Ian’s Memorial Service was held on 6th November in a packed St Mary’s Church, Wivenhoe. Later that day, his bell-ringing friends performed a quarter peal of bells as a special tribute to Ian. Ian was clearly a special man which was evidenced by just how many people were in Church that day and representing so many organisations. In tribute to Ian, each member of the family including his grandchildren wore one of Ian’s many bow ties; his son Jeremy sang Domine Deus from Petite Messe Solennelle by Rossini; his daughter, Stephanie, sang Benedictus from Little Organ Mass by Haydn; Fenella Campa, his other daughter read a passage from the Bible, whilst Jane, his wife, read a poem called The Bellringers written by Jane Williams. His grandchildren told everybody of their memories of Ian. It was a wonderful service.
Ian’s brother-in-law, Hugh Dent, read out this tribute to Ian entitled ‘Ian, a life’.
On behalf of all the family, and for Ian, I would like to thank all of you for coming here today, each with personal memories of Ian, the man, the friend, the colleague in many activities throughout his 85 years of life, and of course, the husband, father, grandfather.
Ian, born in 1934 was widely appreciated because he contributed so much to the many activities and interests of his eventful — and in many ways unusual — life. So now, in view of the range of ages here, I should recall first that he is of that generation which, as children lived through the anxiety, hardships and disruptions of the War, entering adult life under the cloud of the grey post-war years and of the nuclear threat.
Ian was a lifelong traveller abroad, and was also always active in many ways in the communities where he lived, before, and after retirement.
His early career and family life were marked by upheavals, insurrections and a degree of danger in the aftermath of decolonisation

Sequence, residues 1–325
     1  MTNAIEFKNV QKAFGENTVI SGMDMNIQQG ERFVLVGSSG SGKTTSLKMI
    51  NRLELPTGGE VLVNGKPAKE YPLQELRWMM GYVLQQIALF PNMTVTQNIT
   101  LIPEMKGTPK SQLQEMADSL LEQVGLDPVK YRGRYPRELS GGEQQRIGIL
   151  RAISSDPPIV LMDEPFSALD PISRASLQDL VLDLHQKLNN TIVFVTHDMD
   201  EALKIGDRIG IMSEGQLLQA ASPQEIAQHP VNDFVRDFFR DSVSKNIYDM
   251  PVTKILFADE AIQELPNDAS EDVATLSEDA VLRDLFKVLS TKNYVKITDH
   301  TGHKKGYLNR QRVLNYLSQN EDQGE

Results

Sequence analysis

Growing up in Hayes, Kent, he went to Haberdashers’ Aske’s grammar school where he was a keen rugby player. Then came the statutory 18 months of National Service. The army put Corporal Valentine behind a desk in a small town somewhere in rural Germany. He told me that this turned out to be a congenial if unexciting mission: his modest contribution to keeping the Soviets at bay lay in using his German to read miscellaneous paperwork. He obtained a bicycle and would spend weekends exploring the countryside, sometimes hiking — he and Jane were always big walkers.
During this time his father was seconded from Thomas Cook to Wagons-Lits Cook in Paris where Ian spent leave and later vacations. With this background he visited much of Europe as a boy and young man, rather unusual for those days.
In 1954 he went up to Corpus Christi College at Oxford to read Modern Languages — German and French. He played rugby for his college and took up rowing for the College Eight. He met my sister Jane during their last term at Oxford …… at the Corpus Scottish dance club.
Ian, this stranger from somewhere in the South of England arrived in my life in Yorkshire when I was nine: a wedding was in the air for the following year – as it turned out in a marquee in our back garden the morning after a torrential storm. Ian was good fun: he taught me how to make my electric trains go faster around the attic. During the reception in that tent, he lent me his top hat which I wore, dodging behind the wedding cake to pick chunks of icing. Later when I had finished all the dregs of Champagne and was unsteady beneath that hat, he came to my defence.